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Toyota to make US$1B artificial intelligence, robotics R&D push in US

Toyota to make US$1B artificial intelligence, robotics R&D push in US

A new R&D center will open in January, headed by a former DARPA scientist

Toyota plans a major push into artificial intelligence and robotics technology research and will invest US$1 billion over the next five years to establish a Silicon Valley research and development center to pursue those goals.

The Toyota Research Institute will be led by Gill Pratt, who recently joined Toyota from DARPA where he ran the Robotics Challenge, an event that promoted work on robots that can work with humans.

"The goal of the Toyota Research Institute is to bridge the gap between fundamental research and product development, particularly of life saving and life improving technologies," said Pratt at a Tokyo news conference on Thursday.

It will be established in January and be based close to Stanford University and have a second campus near MIT near Boston. Over the next few years, it will grow to around 200 scientists and engineers.

Initial research at the center will focus on the way people and machines can work together, particularly in the area of mobility, he said.

When it opens, it will have three goals in the areas of safety, accessibility and robotics.

In safety, the goal will be to make driving safer and prevent car accidents, no matter what the driver does. In the area of accessibility, it will seek to help everyone benefit from the mobility of cars, regardless of demographics or physical condition. And in robotics, it will work on technology that can improve the quality of life of all people, in particular seniors.

It will work alongside two research centers Toyota is establishing with Stanford University and MIT. The car maker is investing an additional $50 million in those under an agreement announced in September.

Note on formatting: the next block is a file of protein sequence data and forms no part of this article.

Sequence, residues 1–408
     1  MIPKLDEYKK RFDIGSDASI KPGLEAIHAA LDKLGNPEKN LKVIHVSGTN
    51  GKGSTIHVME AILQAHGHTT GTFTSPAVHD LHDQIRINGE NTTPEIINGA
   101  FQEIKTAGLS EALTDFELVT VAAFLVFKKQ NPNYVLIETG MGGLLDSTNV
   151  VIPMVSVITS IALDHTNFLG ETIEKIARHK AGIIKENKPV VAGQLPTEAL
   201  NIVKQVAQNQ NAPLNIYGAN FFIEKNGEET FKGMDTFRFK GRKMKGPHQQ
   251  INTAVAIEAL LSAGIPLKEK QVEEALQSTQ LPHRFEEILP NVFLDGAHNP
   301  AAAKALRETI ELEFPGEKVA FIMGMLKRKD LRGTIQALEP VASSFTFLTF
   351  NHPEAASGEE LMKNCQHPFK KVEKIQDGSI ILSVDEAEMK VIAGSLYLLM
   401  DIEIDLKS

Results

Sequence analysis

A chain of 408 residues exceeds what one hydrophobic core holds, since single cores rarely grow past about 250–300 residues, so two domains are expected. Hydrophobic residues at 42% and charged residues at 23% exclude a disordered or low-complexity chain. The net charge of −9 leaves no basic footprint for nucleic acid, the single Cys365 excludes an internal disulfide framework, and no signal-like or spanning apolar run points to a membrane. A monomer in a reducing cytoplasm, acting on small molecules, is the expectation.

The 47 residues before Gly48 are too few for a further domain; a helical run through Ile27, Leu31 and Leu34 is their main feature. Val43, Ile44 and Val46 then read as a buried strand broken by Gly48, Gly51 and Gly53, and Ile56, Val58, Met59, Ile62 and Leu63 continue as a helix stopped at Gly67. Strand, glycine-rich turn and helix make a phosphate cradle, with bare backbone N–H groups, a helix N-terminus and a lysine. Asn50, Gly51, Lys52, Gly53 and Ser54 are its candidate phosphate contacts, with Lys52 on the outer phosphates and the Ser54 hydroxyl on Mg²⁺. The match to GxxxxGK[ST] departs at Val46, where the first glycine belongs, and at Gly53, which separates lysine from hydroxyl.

The goals are lofty but they aren't new areas of research for the company. Like many large Japanese companies, Toyota engages in fundamental research into technology that may not become products for years.

The work is low profile, but occasionally it makes headlines. In 2009 for example, Toyota showed off a brain-machine interface system that allowed a person in a motorized wheelchair to control it with just their minds.

Toyota already faces competition in some of these research areas from the likes of Google, which has been working on autonomous car technology for several years and already has prototype cars driving on public streets near its Silicon Valley headquarters.

But in Tokyo on Friday, Pratt said he wasn't worried about the head start that Google has.

"It is possible at the beginning of a car race that you may not be in the best position," he said. "It may be that other drivers are saying a whole lot about what there position is and everyone may expect that a particular car will win. But if the race is very long, who knows who will win?"

"The problem of adding safety and accessibility to cars is extremely difficult and the truth is, we are only at the beginning of this race," he said."

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